Written prior to the #MeToo movement, Beautiful Man offers a prophetic message about gender stereotypes through role reversal.
Factory Theatre/Beautiful Man, written by Erin Shields, directed by Andrea Donaldson, Factory Mainspace, May 4 to May 26. Tickets available at factorytheatre.ca.
Celebrated Canadian playwright Erin Shields is radical, subversive, and profound. She won the 2011 Governor General’s Award for her searing depiction of rape and revenge in If We Were Birds when she was but a mere stripling, and lest we forget, her latest triumph is her revisionist take on John Milton’s epic Paradise Lost at Stratford last summer, one of the Festival’s most successful new play ventures ever (which was also nominated for a GG Award). In other words, when Shields pens a play, attention must be paid, and Beautiful Man, her devastating satire on gender role reversal, is, not surprisingly, radical, subversive and profound.
Andrea Donaldson, the director of Beautiful Man, calls Shields a prophet, because the play was written in 2015, prior to the #MeToo movement and the outing of abusive men in power. The play premiered at SummerWorks that year, and now enterprising Factory is giving a reworked Beautiful Man a timely airing. But be warned, it is not an easy sit-through. In Beautiful Man, Shields turns the tables on stereotypes, depicting men as the ones who are objectified, marginalized, and victims of violence.
Three women (Ashley Botting, Mayko Nguyen and Sofia Rodriguez) sit on stools facing the audience. They are dressed in finery for an evening out on the town, including the de rigueur stiletto heels (courtesy of costume designer Ming Wong). They are discussing a hit TV show geared to female sexual fantasies about men (Shields’ nod to the action-adventure flicks that routinely depict women in subservient positions). As they gleefully remember salacious details about the show, their mimicry of man-talk becomes more and more sexually graphic. They describe horrible things being done to men without so much as a blink of remorse. If one substitutes the word “pussy” for every time the women say “penis”, Shields’ satiric take on this gender role reversal becomes all the more hard edge.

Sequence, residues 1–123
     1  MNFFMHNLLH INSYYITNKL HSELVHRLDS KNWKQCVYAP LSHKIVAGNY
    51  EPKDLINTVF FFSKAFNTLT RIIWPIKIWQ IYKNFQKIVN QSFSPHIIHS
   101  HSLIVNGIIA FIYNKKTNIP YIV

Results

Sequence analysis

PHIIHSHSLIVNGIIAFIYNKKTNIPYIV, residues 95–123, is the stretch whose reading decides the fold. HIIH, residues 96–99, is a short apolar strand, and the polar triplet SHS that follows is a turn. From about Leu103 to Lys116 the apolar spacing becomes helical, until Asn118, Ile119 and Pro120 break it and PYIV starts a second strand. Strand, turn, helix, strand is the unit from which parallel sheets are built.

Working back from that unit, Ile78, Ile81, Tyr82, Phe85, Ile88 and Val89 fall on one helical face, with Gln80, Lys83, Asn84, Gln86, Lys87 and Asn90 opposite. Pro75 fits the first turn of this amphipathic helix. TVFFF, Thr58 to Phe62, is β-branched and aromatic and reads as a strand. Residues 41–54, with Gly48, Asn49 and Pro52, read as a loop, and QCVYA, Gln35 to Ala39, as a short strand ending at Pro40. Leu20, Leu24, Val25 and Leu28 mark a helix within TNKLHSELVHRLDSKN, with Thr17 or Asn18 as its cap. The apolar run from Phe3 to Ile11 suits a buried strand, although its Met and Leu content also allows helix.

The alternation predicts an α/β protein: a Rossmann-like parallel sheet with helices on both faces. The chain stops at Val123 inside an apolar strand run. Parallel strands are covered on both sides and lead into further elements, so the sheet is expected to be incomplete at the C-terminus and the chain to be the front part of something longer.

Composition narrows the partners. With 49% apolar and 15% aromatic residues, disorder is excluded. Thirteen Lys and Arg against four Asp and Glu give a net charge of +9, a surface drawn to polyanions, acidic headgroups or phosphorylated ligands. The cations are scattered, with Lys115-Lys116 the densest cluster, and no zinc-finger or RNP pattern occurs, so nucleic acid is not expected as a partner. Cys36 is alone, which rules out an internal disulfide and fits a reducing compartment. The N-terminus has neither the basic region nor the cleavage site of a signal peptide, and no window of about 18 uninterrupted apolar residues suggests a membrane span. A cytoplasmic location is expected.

Above the women is a box room where we find Beautiful Man (Jesse LaVercombe). He is there to mime the happenings described on the show, as well as uttering a few banal words from time to time. He begins dressed in an apron over his clothes, and ultimately ends up naked. Set designer Gillian Gallow has perfectly captured the bubble, so to speak, in which this beautiful man is placed — all at the service of women.
The supposed TV show is about a badass female cop looking for a serial killer who only tortures, mutilates and murders beautiful men. We assume the killer is a woman. The cop is obsessed with the killer to the point where it takes over her life, and we discover that she has forgotten her wedding anniversary. Apparently, her husband has slaved all day making the anniversary dinner. (Sound familiar?) The cop sits down to watch a favourite TV show, a fantasy drama about an Amazon Queen (and Richard Feren’s clever sound design is a rip-off of the iconic theme music of Game of Thrones). In turn, the Queen watches a puppet show, and it is in these fantasy elements, both Amazonian and puppet, that horrible and humiliating sexual abuse is inflicted on men.